Things churn on without him of course, with arguments that Adams was the first theoretical discoverer and that British data on Uranus had been used, or that Galle had been first to knowingly see it and so it should be a German and not a Frenchman who names it. The result was that a confusing smog of names were conjured and in use by the end of 1847, including Hyperion, Minerva and even Demogorgon. The situation at this point was also the same concerning the naming of the planet Uranus. While all this mayhem is going on, however, Sir George Airy writes a letter to Le Verrier on February 28th 1847 that ultimately breaks the deadlock by saying he will adopt Neptune so this gives us a day upon which we can say the issue was effectively settled (as much as any issue of Neptune is effectively settled, since Le Verrier apparently made no reply). This name then emerged as a default position (especially as Friedrich von Struve, a prominent German/Russian astronomer, came out in favour of it on December 29th 1846, which may have prompted Airy to do the same). Nobody especially liked this but Neptune had emerged as the name through being the least partisan, with co-discovery through an Anglo-French effort being the cause. Once this situation settled in, further degrees of consensus emerged among astronomers. They agreed that comets would be named after their discoverers but that new planets would be named after mythological beings and gods. The names attributed to the planet Uranus were gradually changed to the name we use today. Thus the confusion and controversy surrounding the naming of Neptune led to the abandonment of egoistic and nationalistic based attempts to gain a token immortality in the heavens and the adoption of naming new worlds after deities and other mythic beings, confusion settled into a new convention, and poor Le Verrier became the sacrifice. Herschel may have been the first person to discover a new world, but Le Verrier was the first to predict one into reality.

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Mythos

The adoption of the name Neptune immediately connected this world with all mythologies relating to the ocean and all deities of the sea, and different cultures followed suit with their languages. Greeks named it Poseidon, Maoris named it Tangaroa, the Chinese, Vietnamese, Japanese and Korean people translated it as “Sea King Star”, and so on. However what is less well known about Neptune and a large number of the deities connected to the ocean and the sea throughout the world is that the deity is not only connected with ocean life but also springs, rivers, streams, fountains and other bodies of water inland, and that this connection to inland water may actually even be older than the connection to oceans in some cases, for example in Greek myth Poseidon may originally have been the deity of springs. Furthermore, this deity is also often connected with earthquakes, chariots, and horses. In fact he is also originally thought to have been a god of horses before he was a god of the sea. This connection is obvious in much of the statuary of Poseidon and Neptune which depicts him being drawn by seahorses or water spirits in the shape of horses (sometimes dolphins, who were sacred to him) while he stands with a billowing cloak upon a giant conch shell like the coolest surfer ever. The connection to earthquakes may seem a little mysterious until you think about the effect of earthquakes under the ocean and how destructive and godlike a force of nature these can be, especially to people in the ancient world. The horses are actually spirit beings called hippocamps, and you see them pop up time and time again in the mythologies of the world that are connected to spirits of the oceans and the seas, as well as rivers. They embody the energy of the ocean, the currents and the movement of the waves. It seems that the connection of this deity to horses began its decline in the time of the Romans, who were very keen on inventing gods for everything and so invented or formed their own god of horses. The connection to horses and chariots is mythically traced back to the tale of him working with Minerva (Athena in Greek) to create them. Athens was a major city for Poseidon/Neptune, and the two deities seem to have had some kind of dispute over who would claim the city, with Athena emerging the winner even though Poseidon gifted the King of Athens with the original horse, probably formed from a Hippocamp. The god of the oceans has one of his many tantrums when he is refused the prize and afflicts Athens with a drought.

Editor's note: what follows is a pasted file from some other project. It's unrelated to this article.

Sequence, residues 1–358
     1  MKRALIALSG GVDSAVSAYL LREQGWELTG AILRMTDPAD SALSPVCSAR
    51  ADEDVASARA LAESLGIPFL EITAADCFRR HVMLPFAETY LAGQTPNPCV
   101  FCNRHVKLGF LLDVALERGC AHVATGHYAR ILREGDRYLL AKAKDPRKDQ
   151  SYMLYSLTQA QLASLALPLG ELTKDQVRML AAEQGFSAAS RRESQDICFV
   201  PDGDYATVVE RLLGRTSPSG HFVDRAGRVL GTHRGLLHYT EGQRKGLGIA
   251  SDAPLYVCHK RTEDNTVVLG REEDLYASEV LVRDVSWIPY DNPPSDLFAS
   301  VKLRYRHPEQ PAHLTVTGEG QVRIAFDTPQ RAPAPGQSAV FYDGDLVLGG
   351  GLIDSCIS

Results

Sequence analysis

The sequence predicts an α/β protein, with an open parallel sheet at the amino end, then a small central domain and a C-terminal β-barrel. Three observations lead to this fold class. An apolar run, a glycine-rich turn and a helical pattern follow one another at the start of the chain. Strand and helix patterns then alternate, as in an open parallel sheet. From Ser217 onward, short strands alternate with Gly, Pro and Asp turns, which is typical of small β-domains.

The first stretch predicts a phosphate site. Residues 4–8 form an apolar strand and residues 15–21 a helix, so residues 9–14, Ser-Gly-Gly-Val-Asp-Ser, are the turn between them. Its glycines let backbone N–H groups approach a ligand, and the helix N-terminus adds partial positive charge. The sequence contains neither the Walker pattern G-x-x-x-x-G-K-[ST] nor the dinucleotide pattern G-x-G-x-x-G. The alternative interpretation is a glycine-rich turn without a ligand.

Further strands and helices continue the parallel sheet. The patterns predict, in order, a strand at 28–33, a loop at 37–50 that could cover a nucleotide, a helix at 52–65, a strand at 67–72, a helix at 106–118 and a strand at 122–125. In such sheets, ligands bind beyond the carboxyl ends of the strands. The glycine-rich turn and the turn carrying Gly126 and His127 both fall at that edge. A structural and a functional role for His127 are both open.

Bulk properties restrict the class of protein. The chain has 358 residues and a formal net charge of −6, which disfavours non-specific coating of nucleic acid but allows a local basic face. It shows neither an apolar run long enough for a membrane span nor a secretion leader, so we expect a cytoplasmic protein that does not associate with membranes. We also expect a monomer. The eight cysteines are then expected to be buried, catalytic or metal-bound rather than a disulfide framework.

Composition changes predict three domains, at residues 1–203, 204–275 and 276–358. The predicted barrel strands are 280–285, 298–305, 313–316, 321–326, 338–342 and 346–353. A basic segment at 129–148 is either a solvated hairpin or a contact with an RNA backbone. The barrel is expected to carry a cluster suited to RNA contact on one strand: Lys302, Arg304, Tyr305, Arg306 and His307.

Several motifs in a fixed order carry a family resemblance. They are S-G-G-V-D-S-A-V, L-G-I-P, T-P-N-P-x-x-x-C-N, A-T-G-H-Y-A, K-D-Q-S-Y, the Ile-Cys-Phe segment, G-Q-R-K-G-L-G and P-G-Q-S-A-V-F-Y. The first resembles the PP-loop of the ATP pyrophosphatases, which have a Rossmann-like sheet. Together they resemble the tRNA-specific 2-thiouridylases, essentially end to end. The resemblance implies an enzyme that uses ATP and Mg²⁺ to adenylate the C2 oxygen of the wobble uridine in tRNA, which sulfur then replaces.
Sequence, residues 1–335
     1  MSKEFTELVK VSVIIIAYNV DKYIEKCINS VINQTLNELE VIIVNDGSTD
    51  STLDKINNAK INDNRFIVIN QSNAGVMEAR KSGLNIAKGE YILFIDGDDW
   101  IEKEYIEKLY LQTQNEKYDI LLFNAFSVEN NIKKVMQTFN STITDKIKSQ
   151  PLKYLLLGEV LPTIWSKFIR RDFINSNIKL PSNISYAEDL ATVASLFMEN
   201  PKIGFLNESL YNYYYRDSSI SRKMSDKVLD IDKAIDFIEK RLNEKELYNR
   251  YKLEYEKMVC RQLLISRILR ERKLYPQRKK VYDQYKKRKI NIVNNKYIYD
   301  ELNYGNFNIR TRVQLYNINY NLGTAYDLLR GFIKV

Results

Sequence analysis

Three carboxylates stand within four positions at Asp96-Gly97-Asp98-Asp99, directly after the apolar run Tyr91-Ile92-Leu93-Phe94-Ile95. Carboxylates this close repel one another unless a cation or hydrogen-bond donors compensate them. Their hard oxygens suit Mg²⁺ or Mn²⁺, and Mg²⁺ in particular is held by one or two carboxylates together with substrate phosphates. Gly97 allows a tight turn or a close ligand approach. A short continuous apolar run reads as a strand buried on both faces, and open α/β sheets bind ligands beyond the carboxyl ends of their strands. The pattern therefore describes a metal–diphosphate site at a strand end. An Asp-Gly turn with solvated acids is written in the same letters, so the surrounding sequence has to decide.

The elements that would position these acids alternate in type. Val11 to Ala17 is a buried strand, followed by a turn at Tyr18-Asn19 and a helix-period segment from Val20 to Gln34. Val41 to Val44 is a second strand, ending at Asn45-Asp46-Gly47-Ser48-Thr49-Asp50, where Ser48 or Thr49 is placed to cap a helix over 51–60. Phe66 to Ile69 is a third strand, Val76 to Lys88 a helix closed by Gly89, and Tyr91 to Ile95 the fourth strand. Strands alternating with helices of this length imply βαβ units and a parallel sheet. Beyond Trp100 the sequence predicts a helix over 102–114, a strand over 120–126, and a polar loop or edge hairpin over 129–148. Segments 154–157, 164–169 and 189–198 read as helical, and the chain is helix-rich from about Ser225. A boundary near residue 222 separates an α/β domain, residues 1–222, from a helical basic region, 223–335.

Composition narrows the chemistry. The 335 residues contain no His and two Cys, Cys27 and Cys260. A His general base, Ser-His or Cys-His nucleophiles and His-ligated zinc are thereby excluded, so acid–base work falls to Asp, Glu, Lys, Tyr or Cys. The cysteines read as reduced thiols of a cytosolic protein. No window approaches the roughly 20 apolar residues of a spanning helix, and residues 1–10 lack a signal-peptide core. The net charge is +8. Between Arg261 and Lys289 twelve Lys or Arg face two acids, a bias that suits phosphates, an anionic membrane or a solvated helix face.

It’s worth dwelling on these violent and often petulant temper tantrums for a little bit, as they are very at odds with our picture of astrological Neptune. The dark side of this god is actually very dark indeed, giving us a strong warning about the destructive power of this seemingly placid, passive planet. Time and again in the Greek and Roman traditions he behaves abominably, showing us that even the gods are not above petty human frailties and dark desires and drives. In some cases he comes across as impossible to please, capricious and merciless, even evil. Perhaps the most powerful example of this is the tale of his rape of Medusa, the famed Gorgon. Before she became a monster she was a beautiful priestess of Athena. Her hair was so beautiful that people whispered that it was even more beautiful than the hair of the goddess herself. Vain and insecure Athena grows jealous. Meanwhile, Poseidon is growing lustful and one day he just decides to have his way with the beautiful mortal girl. She runs into the temple of Athena for protection, but the goddess ignores her and Poseidon rapes her. Now, you get different versions of the story at this point with some saying that Medusa was so horrified that her hair transformed into snakes, and another saying that a disgusted and enraged Athena appeared to her afterward and being unable to punish Poseidon (a likely excuse) chose to heap all the punishment onto Medusa, cursing her. Following this, her serpentine head is chopped off by Perseus who has been gifted everything he needs to do that job by the gods themselves, including Athena, and at this point Medusas headless corpse gives birth to the twin offspring of Poseidon which issues from her blood as a winged horse, Pegasus, and Chrysaor, a giant wielding a golden sword. Then, even in death, she acts as a force for good, allowing Perseus to defeat the sea monster Cetus and rescue Andromeda. Medusa is one of the most misunderstood, most unfairly maligned and wrongly perceived figures in all of mythology, and she has her unwanted and uninvited contact with the god of oceans to thank for that. He distorts things as if seen under water, water that is today often very murky.